Item 9A. Controls and Procedures
 
The Company has evaluated the effectiveness of the design and operation of the Company’s disclosure controls and procedures (as defined in Rule 13a-15(e) of the Securities Exchange Act of 1934, as amended) under the supervision and with the participation of the Chief Executive Officer (“CEO”) and the Chief Financial Officer (“CFO”) of the Company. Based on this evaluation, the CEO and CFO concluded that the Company’s disclosure controls and procedures were effective as of December 31, 2018. There have been no changes in the Company’s internal control over financial reporting during the Company’s fourth fiscal quarter ending December 31, 2018 that have materially affected, or are reasonably likely to materially affect, the Company’s internal control over financial reporting.
 
Management’s Report on Internal Control over Financial Reporting
 
Management of PGI Incorporated (the “Company”) is responsible for establishing and maintaining adequate internal control over financial reporting, as such term is defined in Exchange Act Rule 13a-15(f). The Company’s internal control over financial reporting is a process designed to provide reasonable assurance regarding the reliability of financial reporting and the preparation of the financial statements for external purposes in accordance with generally accepted accounting principles. The Company’s internal control over financial reporting includes those policies and procedures that (i) pertain to the maintenance of records that, in reasonable detail, accurately and fairly reflect the transactions and dispositions of the assets of the Company, (ii) provide reasonable assurance that transactions are recorded as necessary to permit preparation of financial statements in accordance with accounting principles generally accepted in the United States of America, and that receipts and expenditures of the Company are being made only in accordance with authorizations of management and directors of the Company, and (iii) provide reasonable assurance regarding prevention or timely detection of unauthorized acquisition, use, or disposition of the Company’s assets that could have a material effect on the financial statements.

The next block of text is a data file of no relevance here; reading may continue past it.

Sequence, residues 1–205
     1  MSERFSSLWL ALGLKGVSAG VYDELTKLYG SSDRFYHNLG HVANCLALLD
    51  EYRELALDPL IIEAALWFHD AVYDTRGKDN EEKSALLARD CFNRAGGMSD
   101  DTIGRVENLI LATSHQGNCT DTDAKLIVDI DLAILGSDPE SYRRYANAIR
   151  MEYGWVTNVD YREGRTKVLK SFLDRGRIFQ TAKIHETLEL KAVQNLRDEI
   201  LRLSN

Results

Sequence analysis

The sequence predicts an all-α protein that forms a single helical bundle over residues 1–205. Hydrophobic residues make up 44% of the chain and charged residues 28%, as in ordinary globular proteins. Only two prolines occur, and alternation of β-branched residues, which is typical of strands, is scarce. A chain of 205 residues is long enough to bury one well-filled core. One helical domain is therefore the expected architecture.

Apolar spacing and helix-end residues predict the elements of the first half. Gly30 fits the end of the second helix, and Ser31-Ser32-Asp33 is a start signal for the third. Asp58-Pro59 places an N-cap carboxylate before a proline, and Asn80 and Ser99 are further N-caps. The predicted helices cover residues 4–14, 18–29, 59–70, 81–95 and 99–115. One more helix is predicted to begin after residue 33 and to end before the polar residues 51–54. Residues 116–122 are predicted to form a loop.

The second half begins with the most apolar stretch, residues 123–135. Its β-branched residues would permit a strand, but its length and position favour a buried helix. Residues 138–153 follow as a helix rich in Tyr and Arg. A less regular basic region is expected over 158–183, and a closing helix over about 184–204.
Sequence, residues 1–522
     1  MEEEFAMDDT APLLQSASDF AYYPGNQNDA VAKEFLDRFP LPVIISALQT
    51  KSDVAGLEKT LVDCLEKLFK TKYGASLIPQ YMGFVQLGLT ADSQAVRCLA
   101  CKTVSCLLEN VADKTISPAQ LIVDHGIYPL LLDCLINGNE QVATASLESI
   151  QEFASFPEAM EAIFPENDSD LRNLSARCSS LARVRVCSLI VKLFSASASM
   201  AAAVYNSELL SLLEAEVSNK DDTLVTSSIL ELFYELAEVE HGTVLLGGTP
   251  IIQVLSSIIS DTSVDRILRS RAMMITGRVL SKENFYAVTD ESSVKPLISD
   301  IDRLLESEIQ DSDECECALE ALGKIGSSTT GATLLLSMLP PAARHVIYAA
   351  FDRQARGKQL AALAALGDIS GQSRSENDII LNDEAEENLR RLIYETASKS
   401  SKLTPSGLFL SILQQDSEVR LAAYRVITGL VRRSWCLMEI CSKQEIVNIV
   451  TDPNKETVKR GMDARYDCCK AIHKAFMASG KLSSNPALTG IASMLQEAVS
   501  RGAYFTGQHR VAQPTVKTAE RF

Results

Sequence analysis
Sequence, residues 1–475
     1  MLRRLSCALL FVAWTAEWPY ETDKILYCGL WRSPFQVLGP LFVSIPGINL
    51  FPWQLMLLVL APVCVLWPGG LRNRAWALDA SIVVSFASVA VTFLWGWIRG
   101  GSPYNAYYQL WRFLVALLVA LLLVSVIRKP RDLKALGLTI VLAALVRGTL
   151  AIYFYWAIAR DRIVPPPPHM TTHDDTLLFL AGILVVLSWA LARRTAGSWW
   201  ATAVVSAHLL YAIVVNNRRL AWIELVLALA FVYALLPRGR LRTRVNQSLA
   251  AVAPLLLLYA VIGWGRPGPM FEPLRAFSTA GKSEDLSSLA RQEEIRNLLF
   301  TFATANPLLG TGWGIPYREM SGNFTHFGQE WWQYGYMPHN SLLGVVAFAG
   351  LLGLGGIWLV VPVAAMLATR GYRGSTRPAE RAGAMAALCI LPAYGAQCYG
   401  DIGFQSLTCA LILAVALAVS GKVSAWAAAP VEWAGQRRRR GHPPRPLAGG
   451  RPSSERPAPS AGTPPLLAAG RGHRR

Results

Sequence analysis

32
 
 
Item 9A. Controls and Procedures (continued)
 
Because of its inherent limitations, internal control over financial reporting may not prevent or detect misstatements. All internal control systems, no matter how well designed, have inherent limitations, including the possibility of human error and the circumvention of overriding controls. Accordingly, even an effective system of internal control over financial reporting can provide only reasonable assurance with respect to financial statement preparation. Also, projections of any evaluation of effectiveness to future periods are subject to the risk that controls may become inadequate because of changes in conditions, or that degree of compliance with the policies or procedures may deteriorate.
 
Management has assessed the effectiveness of the Company’s internal control over financial reporting as of December 31, 2018, based on the framework set forth by the Committee of Sponsoring Organizations of the Treadway Commission (COSO) in Internal Control-Integrated Framework. Based on that assessment, management concludes that, as of December 31, 2018, the Company’s internal control over financial reporting is effective.
 
Item 9B. Other Information
 
Not Applicable
 
 
33
 
 
PART III
 
Item 10. Directors, Executive Officers, and Corporate Governance.